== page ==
Bud Break, 2014

If you enjoy wine, that’s fantastic, and Lodi is a place you definitely want to visit and  plan to return.  But if you grow wine grapes, the seasons of a vineyard are very distinct and unique.  I love Spring.  Everything happens quickly……Winter pruning and spring trellis maintenance, irrigation repairs, drip installation,  and cover crops lead up to bud break.  The buds break and quickly reveal the infant fruit.  The sulphur begins to get applied, and it’s fun to see the tractor ‘trains’ moving up and down the roads around us.  ImageImageCheck out the baby fruit!


 Mr. D is putting in long hours during this tax season, and misses out on my favorite part of the vineyard seasons.  So, I took him for a drive Sunday to look at the cherry blossoms, bud break, local ImageImage

winery expansions , and to check out the new M2 Winery and tasting room on Peltier Road.  It’s beautiful! Image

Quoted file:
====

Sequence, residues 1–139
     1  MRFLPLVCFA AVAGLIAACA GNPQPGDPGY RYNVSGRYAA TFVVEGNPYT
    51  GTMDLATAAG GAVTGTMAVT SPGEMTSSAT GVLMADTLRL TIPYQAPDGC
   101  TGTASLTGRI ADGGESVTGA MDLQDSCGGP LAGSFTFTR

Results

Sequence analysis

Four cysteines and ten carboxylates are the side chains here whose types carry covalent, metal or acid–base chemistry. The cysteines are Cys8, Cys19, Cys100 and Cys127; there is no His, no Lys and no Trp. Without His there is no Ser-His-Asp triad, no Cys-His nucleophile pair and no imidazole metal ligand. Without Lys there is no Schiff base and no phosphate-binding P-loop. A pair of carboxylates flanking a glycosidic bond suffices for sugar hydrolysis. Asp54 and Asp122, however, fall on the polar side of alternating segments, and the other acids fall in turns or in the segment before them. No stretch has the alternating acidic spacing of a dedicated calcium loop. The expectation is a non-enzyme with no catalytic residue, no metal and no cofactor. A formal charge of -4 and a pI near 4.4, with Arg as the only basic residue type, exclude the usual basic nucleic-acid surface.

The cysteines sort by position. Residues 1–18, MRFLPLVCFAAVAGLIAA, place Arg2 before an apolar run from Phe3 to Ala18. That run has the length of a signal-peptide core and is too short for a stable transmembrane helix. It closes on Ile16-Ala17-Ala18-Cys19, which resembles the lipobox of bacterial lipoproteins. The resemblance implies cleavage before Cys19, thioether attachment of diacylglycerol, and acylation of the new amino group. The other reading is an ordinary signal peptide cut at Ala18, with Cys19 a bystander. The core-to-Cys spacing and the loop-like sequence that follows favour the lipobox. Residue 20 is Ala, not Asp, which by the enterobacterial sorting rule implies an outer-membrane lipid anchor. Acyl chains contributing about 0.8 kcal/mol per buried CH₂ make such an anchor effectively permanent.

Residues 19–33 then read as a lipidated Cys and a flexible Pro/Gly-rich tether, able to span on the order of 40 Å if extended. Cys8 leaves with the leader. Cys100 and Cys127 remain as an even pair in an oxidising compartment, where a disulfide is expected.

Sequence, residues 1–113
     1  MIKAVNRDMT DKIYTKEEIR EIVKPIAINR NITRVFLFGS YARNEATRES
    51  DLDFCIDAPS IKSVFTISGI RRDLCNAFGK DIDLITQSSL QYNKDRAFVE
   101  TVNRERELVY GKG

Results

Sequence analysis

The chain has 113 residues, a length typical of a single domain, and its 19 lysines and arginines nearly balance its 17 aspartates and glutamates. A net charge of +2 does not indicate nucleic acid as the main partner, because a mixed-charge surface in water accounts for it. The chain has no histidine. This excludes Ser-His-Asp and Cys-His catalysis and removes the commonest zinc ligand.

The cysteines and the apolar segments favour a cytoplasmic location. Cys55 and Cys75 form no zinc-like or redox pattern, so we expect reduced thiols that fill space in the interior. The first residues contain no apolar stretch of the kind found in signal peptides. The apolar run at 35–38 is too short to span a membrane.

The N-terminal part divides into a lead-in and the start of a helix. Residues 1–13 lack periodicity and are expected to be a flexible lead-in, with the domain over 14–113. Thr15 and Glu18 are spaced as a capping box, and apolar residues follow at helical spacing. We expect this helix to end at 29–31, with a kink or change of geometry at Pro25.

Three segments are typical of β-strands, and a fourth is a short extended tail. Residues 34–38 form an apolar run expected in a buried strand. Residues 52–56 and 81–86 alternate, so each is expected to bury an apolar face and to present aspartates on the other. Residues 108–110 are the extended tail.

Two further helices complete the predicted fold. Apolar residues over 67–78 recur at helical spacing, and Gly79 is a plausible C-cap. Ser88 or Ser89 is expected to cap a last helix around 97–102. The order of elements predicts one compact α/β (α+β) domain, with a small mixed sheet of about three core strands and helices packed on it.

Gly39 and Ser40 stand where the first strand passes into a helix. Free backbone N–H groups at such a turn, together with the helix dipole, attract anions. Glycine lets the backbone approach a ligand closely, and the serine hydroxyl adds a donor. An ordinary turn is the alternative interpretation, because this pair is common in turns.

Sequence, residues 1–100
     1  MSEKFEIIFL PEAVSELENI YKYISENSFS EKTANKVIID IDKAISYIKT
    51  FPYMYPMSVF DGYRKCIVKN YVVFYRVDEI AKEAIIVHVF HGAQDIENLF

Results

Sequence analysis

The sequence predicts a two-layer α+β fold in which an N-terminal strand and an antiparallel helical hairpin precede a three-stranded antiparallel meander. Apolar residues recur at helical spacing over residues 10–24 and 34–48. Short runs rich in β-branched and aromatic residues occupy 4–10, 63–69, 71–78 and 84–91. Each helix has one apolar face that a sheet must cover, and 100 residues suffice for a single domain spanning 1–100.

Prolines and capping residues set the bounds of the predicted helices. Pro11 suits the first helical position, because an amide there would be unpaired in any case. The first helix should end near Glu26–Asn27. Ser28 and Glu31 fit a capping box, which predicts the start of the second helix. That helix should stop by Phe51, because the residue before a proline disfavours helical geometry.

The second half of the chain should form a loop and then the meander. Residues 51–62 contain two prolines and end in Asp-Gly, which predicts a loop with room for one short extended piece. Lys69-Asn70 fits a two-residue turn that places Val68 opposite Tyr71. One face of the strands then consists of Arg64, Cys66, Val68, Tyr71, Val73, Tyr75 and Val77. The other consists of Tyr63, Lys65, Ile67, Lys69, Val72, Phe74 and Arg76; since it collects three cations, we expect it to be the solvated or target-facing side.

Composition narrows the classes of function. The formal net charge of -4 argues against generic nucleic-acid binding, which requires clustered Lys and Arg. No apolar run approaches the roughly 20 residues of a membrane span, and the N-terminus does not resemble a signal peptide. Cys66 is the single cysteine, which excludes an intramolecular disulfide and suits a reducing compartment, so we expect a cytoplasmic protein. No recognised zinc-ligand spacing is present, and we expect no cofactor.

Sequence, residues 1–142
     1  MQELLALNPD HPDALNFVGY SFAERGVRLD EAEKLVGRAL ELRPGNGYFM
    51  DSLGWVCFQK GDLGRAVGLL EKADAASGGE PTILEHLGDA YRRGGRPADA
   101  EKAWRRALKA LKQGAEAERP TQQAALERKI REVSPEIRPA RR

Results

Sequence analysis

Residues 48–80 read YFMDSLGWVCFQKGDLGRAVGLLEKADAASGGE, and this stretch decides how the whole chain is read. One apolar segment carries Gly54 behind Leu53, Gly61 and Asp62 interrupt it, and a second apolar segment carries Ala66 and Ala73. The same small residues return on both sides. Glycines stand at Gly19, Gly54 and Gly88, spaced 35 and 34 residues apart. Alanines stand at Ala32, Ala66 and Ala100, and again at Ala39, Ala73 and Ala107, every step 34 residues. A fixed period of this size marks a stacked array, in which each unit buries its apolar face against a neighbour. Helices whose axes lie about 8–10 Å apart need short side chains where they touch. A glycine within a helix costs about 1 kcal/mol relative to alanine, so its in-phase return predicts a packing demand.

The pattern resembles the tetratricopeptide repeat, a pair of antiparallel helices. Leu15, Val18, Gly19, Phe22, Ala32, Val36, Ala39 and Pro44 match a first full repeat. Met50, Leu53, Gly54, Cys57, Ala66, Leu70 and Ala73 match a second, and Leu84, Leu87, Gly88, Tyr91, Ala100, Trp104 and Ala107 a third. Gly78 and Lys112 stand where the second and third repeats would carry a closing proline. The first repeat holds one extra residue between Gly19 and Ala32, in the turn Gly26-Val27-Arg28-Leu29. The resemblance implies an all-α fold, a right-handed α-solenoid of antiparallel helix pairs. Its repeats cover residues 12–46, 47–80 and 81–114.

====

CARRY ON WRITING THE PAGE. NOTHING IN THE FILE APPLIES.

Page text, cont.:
2014 Winter in our Vineyard

Our vineyard is pruned now. Several vineyards are actually being irrigated now due to the warm days and the lack of rain. At our last L.A.V.A. meeting there was discussion regarding the tentative impact this will have upon, specifically, vineyards statewide. Larger still, many grape growers also farm other crops. Last years grape harvest locally was abundant. However, if we have a catch up spring rain season, the impact on bud break and fruit set is concerning. If there is no rain at all…..vineyards will be off to an early start.

Vineyard Soil Health March 2014

Our vineyard usually shows bud break around St. Patrick’s Day.  This year, we were just a few days off. But the Pinot Grigio and the Moscato vineyard adjacent to ours was a little ahead of the reds.  Every few years, the vineyard rows are planted with peas, then disked into the soil to fix nitrogen for vine nutrition.  I love the flowers and took a few pictures before the rain came this week. ImageImageImageImageImage